Secretary of State Alexander M. Haig Jr. said today the United States plans to speed up arms delivery to Egypt and Sudan and organize a "highly increased U.S. presence in the area" to meet security concerns intensified by the assassination of president Anwar Sadat.
The measures represent a major part of the Reagan administration's response to fears of instability in Egypt and its neighbors caused by the loss of Sadat's leadership and what Haig repeatedly has described as Libyan "manipulation" of forces in Egypt and Sudan hostile to Sadat's peace with Israel and friendship with the United States.
"I think all of this underlines the need for the United States to demonstrate its continuing support for the government and people of Egypt," Haig said on Meet the Press (NBC,WRC), broadcast from Cairo. "We've done so and we're going to do so in more concrete terms in the very near future."
Two other high Reagan administration officials, presidential counselor Edwin Meese III and national security adviser Richard V. Allen, also spoke of stepped-up U.S. military activities in the Middle East. Details on Page A25.
Confirming reports published in The Washington Post, Haig said strong consideration also is being given to dispatching a number of B52 bombers to Egypt temporarily.
A high State Department official said the bombers would make practice runs on Egyptian target fields while underlining U.S. presence here. This would be in addition to the expansion of a long-planned joint military exercise next month including forces of the Persian Gulf sultanate of Oman along with those of the United States and Egypt. The official also mentioned the supply of more arms to Sudan in what he called "emergency action."
The administration plans outlined by Haig suggested U.S. officials have concluded the best immediate response to Sadat's assassination is a demonstration that governments friendly to the United States can count on it for military support. This is particularly true in Egypt, where President-designate Hosni Mubarak is believed to desire a strong show of U.S. backing to firm up his hold on power.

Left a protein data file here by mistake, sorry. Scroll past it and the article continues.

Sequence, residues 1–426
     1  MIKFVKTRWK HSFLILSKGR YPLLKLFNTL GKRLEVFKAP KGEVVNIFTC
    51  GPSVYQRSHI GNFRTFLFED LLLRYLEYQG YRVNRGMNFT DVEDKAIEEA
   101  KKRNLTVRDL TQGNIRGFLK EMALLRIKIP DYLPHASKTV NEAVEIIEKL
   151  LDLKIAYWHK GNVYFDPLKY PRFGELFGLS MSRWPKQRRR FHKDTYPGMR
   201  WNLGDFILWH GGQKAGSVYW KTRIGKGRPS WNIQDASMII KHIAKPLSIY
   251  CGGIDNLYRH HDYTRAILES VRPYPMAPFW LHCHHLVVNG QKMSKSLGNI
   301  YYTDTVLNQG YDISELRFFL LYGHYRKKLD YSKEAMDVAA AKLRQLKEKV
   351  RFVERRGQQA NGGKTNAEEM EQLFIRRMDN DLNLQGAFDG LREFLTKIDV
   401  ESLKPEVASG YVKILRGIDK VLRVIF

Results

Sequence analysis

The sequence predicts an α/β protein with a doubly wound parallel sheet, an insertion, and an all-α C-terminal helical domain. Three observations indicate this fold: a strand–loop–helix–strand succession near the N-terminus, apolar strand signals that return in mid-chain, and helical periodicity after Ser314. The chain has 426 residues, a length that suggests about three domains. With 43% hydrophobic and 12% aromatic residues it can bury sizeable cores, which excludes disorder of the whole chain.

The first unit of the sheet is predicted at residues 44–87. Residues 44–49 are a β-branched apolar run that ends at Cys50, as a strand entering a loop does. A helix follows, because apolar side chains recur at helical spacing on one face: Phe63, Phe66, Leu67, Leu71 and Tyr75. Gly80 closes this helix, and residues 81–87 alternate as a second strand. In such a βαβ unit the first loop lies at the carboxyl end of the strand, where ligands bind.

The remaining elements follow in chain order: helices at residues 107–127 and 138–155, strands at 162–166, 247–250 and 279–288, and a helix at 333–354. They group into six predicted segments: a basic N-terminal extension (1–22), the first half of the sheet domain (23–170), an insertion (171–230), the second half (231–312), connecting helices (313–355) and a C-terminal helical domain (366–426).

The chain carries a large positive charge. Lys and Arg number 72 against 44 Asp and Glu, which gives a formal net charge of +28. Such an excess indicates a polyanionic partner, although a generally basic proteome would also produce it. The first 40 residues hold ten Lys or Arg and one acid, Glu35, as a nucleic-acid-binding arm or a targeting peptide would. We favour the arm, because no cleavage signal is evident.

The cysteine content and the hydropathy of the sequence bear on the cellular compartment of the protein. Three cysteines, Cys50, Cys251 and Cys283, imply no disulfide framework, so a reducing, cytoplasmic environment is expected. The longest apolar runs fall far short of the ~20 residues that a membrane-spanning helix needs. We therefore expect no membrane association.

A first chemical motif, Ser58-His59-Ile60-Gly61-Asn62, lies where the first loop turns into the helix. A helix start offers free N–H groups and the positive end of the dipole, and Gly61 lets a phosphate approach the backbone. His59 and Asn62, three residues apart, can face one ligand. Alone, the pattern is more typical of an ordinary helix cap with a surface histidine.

One U.S. military team is here negotiating possible speeded arms delivery for Egypt and another is in Khartoum working with Sudanese military officials on what can be done to help what Haig called "this threat to the nation."
The U.S. measures seem to pay little heed to the argument of those who contend that the hostility of Sadat's Islamic extremist foes could be increased and broadened by a more visible American presence.
"In my view, the real thing the United States can do for Egypt and for stability in the region is to persuade Israel to moderate its policy on the West Bank," said Mohammed Sayed Yassin, a foreign policy expert at the Center for Strategic Studies in Cairo. He referred to Israeli expansion of settlements in the occupied territory.
However, Haig said today, "I think the process that is most important at the moment is to continue with the autonomy talks" on the future of the occupied territories, due to resume later this month.
A U.S. official traveling with Haig said he stressed to Israeli Prime Minister Menachem Begin when the two met here yesterday the U.S. view that progress would be more likely if Israel stopped expanding the settlements on the West Bank, but had gotten no commitment.
The agency that is jointly responsible with Begin's Cabinet for planning and funding the settlements, the World Zionist Organization, recently announced plans to increase the West Bank's Jewish population substantially in coming years.